Senate Democrats won a milestone victory early Monday in the health-care debate, approving a procedural motion to move the reform legislation to final passage later this week, and without a single vote to spare.

The 60-40 tally, taken shortly after 1 a.m., followed 12 hours of acrimonious debate and required senators to trek to the Capitol in the aftermath of a snowstorm. The vote was the first of three procedural hurdles that Democrats must cross before a final vote on passage of the measure, now scheduled for Christmas Eve.

A challenging closing round of negotiations, culminating in a series of compromises with moderates, threatened to overshadow the significance of what Democrats believed they were close to achieving: the most significant health-care legislation since Medicare and Medicaid were created in 1965.

“This bill is the product of years of hard work, study and deliberation,” said Senate Finance Chairman Max Baucus (D-Mont.), one of the principal sponsors of the package, in remarks on the Senate floor before the vote. “These are the reforms for which Americans have been waiting.”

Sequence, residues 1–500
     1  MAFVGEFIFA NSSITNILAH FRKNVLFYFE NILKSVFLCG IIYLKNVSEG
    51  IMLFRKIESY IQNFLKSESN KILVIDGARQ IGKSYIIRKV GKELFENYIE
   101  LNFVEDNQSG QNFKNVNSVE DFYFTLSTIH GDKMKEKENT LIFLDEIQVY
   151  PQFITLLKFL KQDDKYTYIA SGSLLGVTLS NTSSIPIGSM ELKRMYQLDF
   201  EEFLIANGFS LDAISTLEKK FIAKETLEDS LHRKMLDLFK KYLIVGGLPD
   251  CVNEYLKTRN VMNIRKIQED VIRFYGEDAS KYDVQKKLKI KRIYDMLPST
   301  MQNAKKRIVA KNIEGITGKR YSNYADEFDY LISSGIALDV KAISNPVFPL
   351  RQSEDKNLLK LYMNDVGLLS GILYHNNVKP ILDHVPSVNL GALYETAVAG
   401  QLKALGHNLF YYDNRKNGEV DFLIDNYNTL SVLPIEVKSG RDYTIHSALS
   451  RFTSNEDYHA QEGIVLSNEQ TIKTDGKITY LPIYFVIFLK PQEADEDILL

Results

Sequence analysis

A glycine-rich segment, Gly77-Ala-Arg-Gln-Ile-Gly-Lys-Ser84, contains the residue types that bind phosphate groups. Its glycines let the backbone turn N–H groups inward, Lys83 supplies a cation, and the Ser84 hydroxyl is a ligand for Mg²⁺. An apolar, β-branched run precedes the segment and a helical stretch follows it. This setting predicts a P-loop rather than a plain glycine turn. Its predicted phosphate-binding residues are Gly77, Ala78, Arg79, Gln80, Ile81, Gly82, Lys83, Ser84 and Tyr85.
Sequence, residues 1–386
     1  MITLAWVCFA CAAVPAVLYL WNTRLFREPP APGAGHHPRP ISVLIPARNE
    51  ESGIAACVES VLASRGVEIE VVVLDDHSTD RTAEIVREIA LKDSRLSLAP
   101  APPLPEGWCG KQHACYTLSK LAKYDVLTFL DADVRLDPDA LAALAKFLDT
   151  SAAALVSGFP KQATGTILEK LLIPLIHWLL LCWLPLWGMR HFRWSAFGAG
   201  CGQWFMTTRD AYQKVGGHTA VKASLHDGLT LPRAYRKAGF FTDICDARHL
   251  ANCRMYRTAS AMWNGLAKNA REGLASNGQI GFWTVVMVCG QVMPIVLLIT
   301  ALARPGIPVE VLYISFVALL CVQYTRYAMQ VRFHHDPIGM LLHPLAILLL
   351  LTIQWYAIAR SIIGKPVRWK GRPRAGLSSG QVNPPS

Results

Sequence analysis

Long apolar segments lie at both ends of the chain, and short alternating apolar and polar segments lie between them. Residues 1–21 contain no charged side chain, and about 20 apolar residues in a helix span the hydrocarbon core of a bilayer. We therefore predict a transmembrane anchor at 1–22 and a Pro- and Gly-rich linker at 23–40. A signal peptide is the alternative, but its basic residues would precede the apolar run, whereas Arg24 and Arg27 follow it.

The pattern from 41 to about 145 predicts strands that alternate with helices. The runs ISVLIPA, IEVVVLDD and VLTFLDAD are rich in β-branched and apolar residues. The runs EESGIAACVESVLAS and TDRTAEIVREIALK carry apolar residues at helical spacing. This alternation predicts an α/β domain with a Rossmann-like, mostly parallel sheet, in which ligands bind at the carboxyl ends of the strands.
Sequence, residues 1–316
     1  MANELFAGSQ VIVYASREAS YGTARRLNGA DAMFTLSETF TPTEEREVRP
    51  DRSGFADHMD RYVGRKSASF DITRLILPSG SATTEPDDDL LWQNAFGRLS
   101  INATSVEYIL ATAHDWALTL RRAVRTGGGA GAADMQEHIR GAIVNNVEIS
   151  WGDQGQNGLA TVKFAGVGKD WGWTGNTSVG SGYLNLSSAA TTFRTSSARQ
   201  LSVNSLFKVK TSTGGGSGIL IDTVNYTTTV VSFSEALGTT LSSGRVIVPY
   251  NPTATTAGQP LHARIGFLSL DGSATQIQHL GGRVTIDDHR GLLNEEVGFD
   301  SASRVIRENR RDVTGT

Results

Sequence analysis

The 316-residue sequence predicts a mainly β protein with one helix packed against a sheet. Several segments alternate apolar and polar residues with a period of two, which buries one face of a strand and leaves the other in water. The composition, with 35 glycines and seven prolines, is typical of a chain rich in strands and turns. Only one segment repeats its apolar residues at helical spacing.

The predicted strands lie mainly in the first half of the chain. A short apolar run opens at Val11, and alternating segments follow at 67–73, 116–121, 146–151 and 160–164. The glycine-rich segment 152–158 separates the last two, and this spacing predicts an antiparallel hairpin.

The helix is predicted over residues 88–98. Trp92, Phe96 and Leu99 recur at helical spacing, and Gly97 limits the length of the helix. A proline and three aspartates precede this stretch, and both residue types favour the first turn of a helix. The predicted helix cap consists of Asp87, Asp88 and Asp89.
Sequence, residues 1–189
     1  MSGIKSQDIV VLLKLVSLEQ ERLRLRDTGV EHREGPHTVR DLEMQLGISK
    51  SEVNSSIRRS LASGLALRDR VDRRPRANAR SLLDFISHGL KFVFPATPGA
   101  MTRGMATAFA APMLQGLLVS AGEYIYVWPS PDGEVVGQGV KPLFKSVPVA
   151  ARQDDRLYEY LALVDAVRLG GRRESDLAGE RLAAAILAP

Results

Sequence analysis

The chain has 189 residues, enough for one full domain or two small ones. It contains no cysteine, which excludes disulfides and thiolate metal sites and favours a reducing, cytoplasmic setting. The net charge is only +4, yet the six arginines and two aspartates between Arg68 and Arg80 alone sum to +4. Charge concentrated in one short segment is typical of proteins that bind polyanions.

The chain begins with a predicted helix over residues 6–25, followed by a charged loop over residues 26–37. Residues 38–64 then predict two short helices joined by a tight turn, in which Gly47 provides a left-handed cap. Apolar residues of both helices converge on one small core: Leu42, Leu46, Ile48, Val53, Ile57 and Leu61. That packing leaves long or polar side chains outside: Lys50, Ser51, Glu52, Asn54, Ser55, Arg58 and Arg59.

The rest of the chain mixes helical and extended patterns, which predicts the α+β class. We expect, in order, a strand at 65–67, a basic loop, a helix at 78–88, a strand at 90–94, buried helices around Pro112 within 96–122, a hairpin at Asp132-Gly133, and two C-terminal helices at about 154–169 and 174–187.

Not a single Republican voted to advance the measure, including Sen. Olympia J. Snowe, the one GOP lawmaker who had backed an earlier version. The Maine moderate was lobbied heavily by President Obama, but announced Sunday night in a statement that she remained “concerned” about the measure, while objecting to “the artificial and arbitrary deadline of completing the bill before Christmas.”

Though admittedly outflanked, Republicans declined to relent. In the hours before the cloture vote, GOP lawmakers took turns condemning the bill in impassioned speeches on the Senate floor. Sen. Lamar Alexander (Tenn.) called it a “historic mistake.” Senate Minority Leader Mitch McConnell (Ky.) accused Democrats of producing “a mess” that represented “a blind call to make history.”

Sen. John McCain (R-Ariz.), who ran against Obama for president last year, vowed to “fight until the last vote,” a threat that could keep senators at their desks until well into the night on Dec. 24.

“They had 60 percent of the Senate, [but] 60 percent of the American people are against this,” McCain said Monday morning on “Good Morning America,” referring to polls showing that much of the public is skeptical of health-care reform. “They want it stopped.”

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